Famed New York detective Nick Carter arrives incognito at a California airplane factory at the behest of owner Hiram Streeter. Despite seemingly thorough precautions, a gang of saboteurs and shadowy foreign agents are able to smuggle out the secret blueprints for innovative new planes and sabotage prototypes during testing. With the aid of eccentric detective Bartholomew and spunky nurse and female pilot Lou Farnsby, Carter is able to expose the fifth columnists as well as the traitors that are helping them. Written by
Metro-Goldwyn-Mayer bought the screen rights to all the 1,100 Nick Carter stories published in the 1930s. However, all 3 of the films made in the Nick Carter series were based on original stories. See more »
Sounds like a wild theory to me.
Well, it isn't a theory because I don't deal in theories. Look, I'm not a storybook detective with, uh, a highball glass in one hand and, uh, a Chinese proverb in another, nor can I tell you from the ashes of a man's cigar that he, uh, had kippered herring for breakfast and hit his grandmother over the head with an axe. I'm just a New York flatfoot, the product of the McGonigle School.
Oh, old Patrick McGonigle, he was an Irish cop when I broke into...
See more »
NICK CARTER, MASTER DETECTIVE (Jacques Tourneur, 1939) **1/2
Tourneur's first feature was basically a B-movie, albeit made for slick-but-superficial MGM; at a mere 60 minutes, it is eminently watchable and, given the film's modest reputation, it proves surprisingly enjoyable. Watched after the same director's CIRCLE OF DANGER (1951) and the somewhat similar ROUGH SHOOT (1953), this provides yet another connection to Fritz Lang's MAN HUNT (1941) in leading man Walter Pidgeon.
The central figure was a popular crime-fighter in print, debuting in 1886 and reportedly involved in over a 1,000 cases before transferring to a 12-year stint on the radio between 1943-55. However, only 3 films were ever made and, bafflingly, they all turned out to be based on original scripts (since such characters' exploits were, in any case, being updated to the prevalent wartime aura for instance, the contemporaneous Sherlock Holmes series); incidentally, I just found out that the second one, PHANTOM RAIDERS (1940), was also directed by Tourneur! Anyway, the narrative here involves secret aviation plans being leaked to the enemy that climaxes in a far-fetched chase sequence involving a plane and a speeding boat.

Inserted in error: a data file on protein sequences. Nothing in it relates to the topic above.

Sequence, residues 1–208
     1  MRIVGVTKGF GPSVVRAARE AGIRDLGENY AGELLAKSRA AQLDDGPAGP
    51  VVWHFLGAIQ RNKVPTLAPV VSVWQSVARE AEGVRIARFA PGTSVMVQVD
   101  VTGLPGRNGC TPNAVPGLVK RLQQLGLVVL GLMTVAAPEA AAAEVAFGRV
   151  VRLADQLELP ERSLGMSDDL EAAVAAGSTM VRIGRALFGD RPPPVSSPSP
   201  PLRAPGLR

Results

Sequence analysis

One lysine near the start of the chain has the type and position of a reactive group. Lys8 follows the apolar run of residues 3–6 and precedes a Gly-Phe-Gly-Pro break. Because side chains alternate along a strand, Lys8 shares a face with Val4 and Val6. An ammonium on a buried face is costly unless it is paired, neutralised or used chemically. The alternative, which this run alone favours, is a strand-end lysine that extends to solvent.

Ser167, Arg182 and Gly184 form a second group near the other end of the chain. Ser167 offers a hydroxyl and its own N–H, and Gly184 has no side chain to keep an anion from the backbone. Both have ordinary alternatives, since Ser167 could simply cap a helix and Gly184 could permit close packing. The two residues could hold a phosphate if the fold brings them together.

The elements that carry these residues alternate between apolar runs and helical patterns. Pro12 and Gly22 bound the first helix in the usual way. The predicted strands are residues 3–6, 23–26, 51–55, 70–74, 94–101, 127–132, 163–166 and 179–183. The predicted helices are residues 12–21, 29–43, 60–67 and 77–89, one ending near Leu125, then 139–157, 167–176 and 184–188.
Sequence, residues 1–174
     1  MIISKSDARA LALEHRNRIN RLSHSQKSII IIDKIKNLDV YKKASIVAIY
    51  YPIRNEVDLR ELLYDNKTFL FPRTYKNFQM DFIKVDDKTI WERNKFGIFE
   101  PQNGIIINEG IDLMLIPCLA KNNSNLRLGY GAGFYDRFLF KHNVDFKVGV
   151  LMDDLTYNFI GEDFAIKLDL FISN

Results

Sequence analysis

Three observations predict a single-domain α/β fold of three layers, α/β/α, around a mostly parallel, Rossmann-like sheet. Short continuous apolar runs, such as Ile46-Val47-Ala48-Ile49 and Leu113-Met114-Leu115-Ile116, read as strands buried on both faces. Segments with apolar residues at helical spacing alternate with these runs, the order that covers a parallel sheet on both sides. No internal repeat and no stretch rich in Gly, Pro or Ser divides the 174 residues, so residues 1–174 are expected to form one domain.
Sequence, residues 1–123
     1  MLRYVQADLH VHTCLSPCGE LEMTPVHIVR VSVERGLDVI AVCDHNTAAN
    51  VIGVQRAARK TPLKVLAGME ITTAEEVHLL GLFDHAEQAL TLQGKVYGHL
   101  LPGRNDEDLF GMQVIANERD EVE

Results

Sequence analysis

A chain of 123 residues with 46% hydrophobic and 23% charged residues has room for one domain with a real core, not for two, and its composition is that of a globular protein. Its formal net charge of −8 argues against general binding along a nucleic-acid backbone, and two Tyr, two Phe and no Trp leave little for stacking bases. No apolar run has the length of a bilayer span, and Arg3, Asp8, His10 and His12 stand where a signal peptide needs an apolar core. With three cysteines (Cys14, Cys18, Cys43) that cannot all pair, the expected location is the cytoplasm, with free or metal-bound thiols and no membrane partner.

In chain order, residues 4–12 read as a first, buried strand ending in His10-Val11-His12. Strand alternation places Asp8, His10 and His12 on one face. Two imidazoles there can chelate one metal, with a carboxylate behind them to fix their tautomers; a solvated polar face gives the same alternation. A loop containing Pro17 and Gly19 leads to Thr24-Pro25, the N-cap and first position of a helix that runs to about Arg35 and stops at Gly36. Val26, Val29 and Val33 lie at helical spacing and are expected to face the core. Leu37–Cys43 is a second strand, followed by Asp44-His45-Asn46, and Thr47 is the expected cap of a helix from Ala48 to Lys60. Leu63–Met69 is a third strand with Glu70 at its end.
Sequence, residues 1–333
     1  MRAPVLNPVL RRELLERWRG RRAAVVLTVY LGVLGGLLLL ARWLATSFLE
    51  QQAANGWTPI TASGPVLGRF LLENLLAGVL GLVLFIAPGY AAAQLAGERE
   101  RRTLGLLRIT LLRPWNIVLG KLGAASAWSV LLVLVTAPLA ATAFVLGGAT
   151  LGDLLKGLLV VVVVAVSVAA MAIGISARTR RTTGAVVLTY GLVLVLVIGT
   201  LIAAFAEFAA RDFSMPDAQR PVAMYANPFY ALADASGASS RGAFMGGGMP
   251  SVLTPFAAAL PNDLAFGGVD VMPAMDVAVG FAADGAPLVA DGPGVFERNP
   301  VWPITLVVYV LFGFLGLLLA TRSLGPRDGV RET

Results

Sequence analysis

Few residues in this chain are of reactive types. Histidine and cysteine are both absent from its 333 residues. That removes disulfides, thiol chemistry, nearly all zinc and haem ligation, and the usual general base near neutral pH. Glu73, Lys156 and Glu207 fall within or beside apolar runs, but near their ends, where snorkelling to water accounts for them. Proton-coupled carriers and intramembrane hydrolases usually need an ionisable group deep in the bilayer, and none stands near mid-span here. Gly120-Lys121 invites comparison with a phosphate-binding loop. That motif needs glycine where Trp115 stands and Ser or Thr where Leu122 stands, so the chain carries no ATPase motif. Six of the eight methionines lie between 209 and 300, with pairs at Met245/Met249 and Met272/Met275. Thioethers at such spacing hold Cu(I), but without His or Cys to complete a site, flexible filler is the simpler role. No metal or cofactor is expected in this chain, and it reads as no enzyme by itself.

Apart from leading lady Rita Johnson, the rather-too-jovial star is ably supported here by the likes of Henry Hull (already playing eccentric old types!), Stanley Ridges (type-cast as a villain), Martin Kosleck (ditto) and Donald Meek. The latter's hilarious characterization, of an improbably zany private eye, seems to have dropped in from another movie altogether: keeping bees as a hobby but constantly getting into the hero's hair, he even ends up deposited in the trash-can!
4 of 5 people found this review helpful.
Was this review helpful to you?